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A Vancouver runner has picked more than 5,000 dirty masks off the streets

"We live in such a beautiful place, it sucks there's so much garbage on the ground"
David Papineau's big bag of dirty masks (about 140 of them).

David Papineau has picked up enough masks to make sure everyone at the Queen Elizabeth Theatre on a sold-out night had a mask (and would have leftovers).

A regular runner, Papineau has seen the streets of Vancouver a lot; he's even run every street and laneway in the city at least once. But without his regular run group to chat with, he started to notice a lot of his surroundings, including the growing number of face masks dropped on the street.

However, it was a child who inspired him to do something about it.

"Back in March I saw a friend's seven-year-old son picking up trash on his street," he says.

He was recovering from an injury and walking instead of running and decided he'd start picking up masks himself, as they'd begun to build up in the Hillcrest area where he lived. Turning to the city's 'Adopt-a-street' program, he got geared up (with tongs, gloves and bread bags) and set to work on the new blight on his street.

"Initially when I started seeing masks I thought 'who's going to touch those,'" he says, explaining he had concerns about getting COVID-19 from a mask.

"After a while, you start to get to the point where you're comfortable with the idea of it," he adds.

There're still disgusting moments, but that hasn't stopped Papineau, who notes he has kids and has changed diapers.

And now, less than two months from his first walk when he collected 30 or 40, he's picked 5,000 up.

"I live on a short street so it didn't take long to do that," he explains. "The funny thing about cleaning up your street is you start to notice garbage on every street."

He's picked up other things, notably a lot of latex gloves, but masks are his focus and the only thing he keeps track of. This weekend he passed the 5,000 mark and kept on going. He's even kept a spreadsheet to collect the data.

"I think my highest was 260 masks on a run, and that was two fairly large bread bags," he adds.

People sometimes give him odd looks, others thank him. One man thought Papineau was running the streets of Vancouver with a rugby ball.

He's learned a few lessons, like how much heavier wet masks are and bread bags are better than grocery bags; there was an awkward incident when bags exploded over Fraser Street that really hammered that one home.

There are also some patterns. A lot of masks he finds are near parking spots in residential areas; he figures they're either dropped on purpose or by accident by drivers getting out of a car after parking at home. Certain areas are worse: alongside parks, schools, bus stops, commercial areas, and construction sites.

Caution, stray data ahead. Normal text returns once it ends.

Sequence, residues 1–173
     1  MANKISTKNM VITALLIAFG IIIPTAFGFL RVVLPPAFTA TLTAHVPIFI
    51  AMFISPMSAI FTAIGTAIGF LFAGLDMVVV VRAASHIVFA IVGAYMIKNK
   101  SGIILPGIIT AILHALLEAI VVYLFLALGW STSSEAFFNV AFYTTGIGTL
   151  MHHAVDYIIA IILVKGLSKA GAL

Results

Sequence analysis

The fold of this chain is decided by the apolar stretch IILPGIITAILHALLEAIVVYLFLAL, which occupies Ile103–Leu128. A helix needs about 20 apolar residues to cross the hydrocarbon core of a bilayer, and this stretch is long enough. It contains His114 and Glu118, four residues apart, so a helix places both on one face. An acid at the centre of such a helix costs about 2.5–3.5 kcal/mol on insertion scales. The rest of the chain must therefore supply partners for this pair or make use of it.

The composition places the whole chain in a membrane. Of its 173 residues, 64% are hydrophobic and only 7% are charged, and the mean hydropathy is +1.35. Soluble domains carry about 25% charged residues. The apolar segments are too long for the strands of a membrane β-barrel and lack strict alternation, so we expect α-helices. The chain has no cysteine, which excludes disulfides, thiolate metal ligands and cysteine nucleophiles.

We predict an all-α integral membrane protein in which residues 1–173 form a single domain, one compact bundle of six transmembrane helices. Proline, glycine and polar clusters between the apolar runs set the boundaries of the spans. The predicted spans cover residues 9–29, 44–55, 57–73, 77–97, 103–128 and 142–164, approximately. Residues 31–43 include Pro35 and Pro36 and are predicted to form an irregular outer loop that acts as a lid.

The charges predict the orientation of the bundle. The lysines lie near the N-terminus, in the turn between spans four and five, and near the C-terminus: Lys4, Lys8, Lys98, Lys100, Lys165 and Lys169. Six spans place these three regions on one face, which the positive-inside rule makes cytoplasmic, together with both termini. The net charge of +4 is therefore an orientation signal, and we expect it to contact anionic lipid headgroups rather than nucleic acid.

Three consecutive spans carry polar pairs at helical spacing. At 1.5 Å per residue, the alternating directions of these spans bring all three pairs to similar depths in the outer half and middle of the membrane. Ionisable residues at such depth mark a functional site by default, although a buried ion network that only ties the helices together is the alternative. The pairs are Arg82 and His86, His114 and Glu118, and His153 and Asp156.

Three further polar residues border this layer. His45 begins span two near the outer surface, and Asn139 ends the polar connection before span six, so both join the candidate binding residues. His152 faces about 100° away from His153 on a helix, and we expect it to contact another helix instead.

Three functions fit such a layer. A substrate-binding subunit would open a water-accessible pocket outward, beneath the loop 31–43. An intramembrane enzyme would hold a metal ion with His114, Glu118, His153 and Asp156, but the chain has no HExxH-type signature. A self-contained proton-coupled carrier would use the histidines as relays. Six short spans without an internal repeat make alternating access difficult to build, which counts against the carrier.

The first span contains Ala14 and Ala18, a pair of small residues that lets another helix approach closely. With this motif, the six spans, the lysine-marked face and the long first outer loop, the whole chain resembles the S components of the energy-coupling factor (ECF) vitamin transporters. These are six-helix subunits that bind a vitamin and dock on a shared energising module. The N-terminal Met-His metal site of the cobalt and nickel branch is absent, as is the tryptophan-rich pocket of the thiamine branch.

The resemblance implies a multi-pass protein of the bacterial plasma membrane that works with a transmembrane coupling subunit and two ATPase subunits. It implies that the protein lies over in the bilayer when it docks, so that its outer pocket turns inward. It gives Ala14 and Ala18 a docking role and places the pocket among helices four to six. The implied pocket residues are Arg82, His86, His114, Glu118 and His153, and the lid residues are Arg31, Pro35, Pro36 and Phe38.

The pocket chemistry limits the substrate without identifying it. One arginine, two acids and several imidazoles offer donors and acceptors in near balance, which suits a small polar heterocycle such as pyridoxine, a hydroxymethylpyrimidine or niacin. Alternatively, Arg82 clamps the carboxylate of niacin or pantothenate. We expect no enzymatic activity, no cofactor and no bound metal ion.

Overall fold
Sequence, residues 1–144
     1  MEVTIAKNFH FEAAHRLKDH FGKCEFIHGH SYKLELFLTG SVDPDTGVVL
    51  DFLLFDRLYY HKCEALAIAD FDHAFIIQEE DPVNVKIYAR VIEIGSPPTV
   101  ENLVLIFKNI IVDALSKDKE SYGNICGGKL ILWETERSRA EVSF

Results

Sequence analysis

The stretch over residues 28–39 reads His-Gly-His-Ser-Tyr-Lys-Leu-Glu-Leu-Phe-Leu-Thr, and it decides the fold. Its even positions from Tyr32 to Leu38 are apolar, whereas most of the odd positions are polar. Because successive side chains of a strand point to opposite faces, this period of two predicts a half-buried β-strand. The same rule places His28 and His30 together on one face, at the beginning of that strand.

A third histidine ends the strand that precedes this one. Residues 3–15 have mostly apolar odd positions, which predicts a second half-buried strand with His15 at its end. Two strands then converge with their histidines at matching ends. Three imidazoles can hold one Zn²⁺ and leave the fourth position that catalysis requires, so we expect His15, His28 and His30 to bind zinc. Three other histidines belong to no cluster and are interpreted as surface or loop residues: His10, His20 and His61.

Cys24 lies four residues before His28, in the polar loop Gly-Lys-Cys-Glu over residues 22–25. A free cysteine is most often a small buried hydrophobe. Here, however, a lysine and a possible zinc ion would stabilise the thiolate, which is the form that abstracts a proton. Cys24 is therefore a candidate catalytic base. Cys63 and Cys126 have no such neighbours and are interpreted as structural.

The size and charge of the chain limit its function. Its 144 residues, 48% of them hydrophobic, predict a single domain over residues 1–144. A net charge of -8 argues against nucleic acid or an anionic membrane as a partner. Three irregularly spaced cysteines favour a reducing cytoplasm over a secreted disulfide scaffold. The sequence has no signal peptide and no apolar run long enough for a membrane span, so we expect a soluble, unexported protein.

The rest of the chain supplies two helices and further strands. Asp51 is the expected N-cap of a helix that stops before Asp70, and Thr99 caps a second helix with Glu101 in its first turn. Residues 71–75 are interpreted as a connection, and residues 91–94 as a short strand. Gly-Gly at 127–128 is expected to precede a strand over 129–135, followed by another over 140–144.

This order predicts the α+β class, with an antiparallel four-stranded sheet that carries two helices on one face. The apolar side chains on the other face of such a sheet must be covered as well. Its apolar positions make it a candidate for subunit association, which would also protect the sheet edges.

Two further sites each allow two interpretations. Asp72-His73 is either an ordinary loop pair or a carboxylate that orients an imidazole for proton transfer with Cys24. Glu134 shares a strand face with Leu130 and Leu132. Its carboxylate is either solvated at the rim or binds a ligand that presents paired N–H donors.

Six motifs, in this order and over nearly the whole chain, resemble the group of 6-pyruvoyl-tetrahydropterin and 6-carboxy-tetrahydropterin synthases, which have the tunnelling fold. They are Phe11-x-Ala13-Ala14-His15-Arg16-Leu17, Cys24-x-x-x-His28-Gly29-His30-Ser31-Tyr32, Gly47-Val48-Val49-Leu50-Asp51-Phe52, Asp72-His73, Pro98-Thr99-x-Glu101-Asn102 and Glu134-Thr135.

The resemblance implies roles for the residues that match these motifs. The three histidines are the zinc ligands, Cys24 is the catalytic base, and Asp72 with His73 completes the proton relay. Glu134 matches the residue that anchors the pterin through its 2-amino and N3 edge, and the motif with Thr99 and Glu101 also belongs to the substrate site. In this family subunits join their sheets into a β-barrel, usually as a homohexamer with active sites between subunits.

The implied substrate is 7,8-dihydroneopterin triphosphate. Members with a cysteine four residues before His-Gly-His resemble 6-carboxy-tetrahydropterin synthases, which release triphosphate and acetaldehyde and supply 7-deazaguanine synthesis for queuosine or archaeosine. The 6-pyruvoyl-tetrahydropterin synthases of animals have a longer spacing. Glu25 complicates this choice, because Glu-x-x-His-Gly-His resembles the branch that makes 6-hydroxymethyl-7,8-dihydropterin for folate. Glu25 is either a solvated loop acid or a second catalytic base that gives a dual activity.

"A lot of times I'll run along the edge of the curb staring down into the gutter," he says, noting it really kills his pace.

Broadly he says he finds south Vancouver neighbourhoods have more, but he's not sure if that's just because there are more people wearing masks. Conversely, west Vancouver neighbourhoods have less, which may be linked to the lower density.

Some masks he's pulled off the ground have been there for months he figures, sometimes covered in dirt and leaves.

Storm drains have become a magnet for him, as they can become collection points. At the same time, it feels like he's rescuing a mask from going into the drainage system and becoming a bigger issue. Once he pulled around 30 from a drain near a grocery store on Fraser Street.

"I always feel like it's a victory when I pull a mask out of a storm drain," Papineau says.

There are a few reasons he's stuck with the self-imposed task. The obvious one is it cleans up the streets. It's also a new purpose for running, especially when he's run every street in the city.

"The pandemic has been rough and it's been a great motivation for getting going," he says, explaining that while race organizers have done what they can, it's not the same.

There are also mental health aspects, for himself and for the general public.

"Getting (masks) off the ground feels like an important step toward normal," he says. 

Even though he's collected literally thousands, he's still finding plenty.

"One of the frustrating things is seeing masks show up in areas I've already run," he says. "They're like mushrooms, they keep popping up."

His project has garnered some attention online, with people in other cities commenting they don't see the same issue. But Papineau isn't sure if it's a Vancouver issue or if Internet commenters are just oblivious to what's in their own streets.

Either way, it doesn't affect his determination to keep masks off the ground.

"We live in such a beautiful place, it sucks there's so much garbage on the ground," he says, suggesting he'd like to see others do a little each.

"If one family from every street in Vancouver adopted a block," he adds. "We'd have this place cleaned up in a weekend."